Abstract Classes and Polymorphism Revisited

I’m on a fundamentals trip at the moment, so I’m going back over things I mostly understand to ensure I really understand the principles involved and not just in a vague hand-waving kind of way. Today’s fundamental revisited is abstract (pure virtual) classes and polymorphism in C++ – it’s commented to the hilt to make clear not only what’s going on but WHY it’s going on. You wouldn’t generally comment your code this heavily, but as a reminder/guide I’m fine with it:

What would happen if we did NOT declare Shape as an abstract class? Well, we’d have to provide implementations for the type(), area() and perimeter() methods for Shape – but that’s about it. The polymorphism part would still work, that is, we could still create an array of pointers to a Shape, and then instantiate each shape as a Circle or a Rectangle as we see fit – and the correct functions would execute for each derived class.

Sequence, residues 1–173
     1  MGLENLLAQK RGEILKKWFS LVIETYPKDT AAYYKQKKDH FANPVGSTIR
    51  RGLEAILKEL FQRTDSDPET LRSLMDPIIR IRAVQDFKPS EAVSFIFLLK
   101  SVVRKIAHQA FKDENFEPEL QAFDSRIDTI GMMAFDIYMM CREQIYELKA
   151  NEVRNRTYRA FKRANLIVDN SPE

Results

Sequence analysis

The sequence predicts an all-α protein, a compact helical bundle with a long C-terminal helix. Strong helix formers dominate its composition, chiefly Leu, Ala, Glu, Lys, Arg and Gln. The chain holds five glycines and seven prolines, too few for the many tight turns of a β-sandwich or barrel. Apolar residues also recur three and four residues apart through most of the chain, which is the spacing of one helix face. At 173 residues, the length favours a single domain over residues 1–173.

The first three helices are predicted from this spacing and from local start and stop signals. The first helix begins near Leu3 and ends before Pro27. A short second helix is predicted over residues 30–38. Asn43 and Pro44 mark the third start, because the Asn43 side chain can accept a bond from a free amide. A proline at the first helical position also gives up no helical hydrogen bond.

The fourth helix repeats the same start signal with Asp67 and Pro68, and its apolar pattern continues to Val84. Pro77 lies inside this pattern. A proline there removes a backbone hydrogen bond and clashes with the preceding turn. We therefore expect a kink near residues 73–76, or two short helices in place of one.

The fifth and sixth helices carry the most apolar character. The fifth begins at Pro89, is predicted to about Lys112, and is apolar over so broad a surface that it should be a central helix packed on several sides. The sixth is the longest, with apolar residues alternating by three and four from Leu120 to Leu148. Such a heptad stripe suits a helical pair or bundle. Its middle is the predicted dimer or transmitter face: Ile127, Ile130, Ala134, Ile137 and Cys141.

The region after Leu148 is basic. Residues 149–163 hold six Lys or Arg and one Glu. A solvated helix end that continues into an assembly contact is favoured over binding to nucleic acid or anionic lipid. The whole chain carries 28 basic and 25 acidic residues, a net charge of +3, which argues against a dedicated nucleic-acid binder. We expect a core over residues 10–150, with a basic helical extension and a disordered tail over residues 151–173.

However, it makes good sense to declare Shape as an abstract class so that we can’t instantiate it (even if we wanted to), in the same way that we’d make a Car class abstract. You can’t go out and buy a Car – it’s generic. You can buy a Ford Escort, or a Hyundai i30 or even a Ferrari F40, but you can’t buy a car in the same way that you can’t (technically) eat food or drink beer.

Doesn’t stop me trying though. Cheers! =D

An introduction to ActionScript 3.0 – week 4 lesson 2

Learning actionscript? Want to know the gist of object creation and extending classes to do neat things? Then you’ve come to the right place…

Flash Week 4 Lesson 2

Download slides link: An Introduction to ActionScript 3.0 – Week 4, Lesson 2
Audience: Beginners who know a little about variables and how to perform some basic programming math.
Format: Powerpoint 2003 (so they can be opened in LibreOffice/OpenOffice, MS Office 2K3/2K7/2K10 etc.)
Template: OOo2 by Chih-Hao Tsai
Content License: These slides are released under a creative commons non-commercial attribution share-alike 3.0 license by me (r3dux) and come with no guarantee of correctness, fitness for purpose or anything of the sort.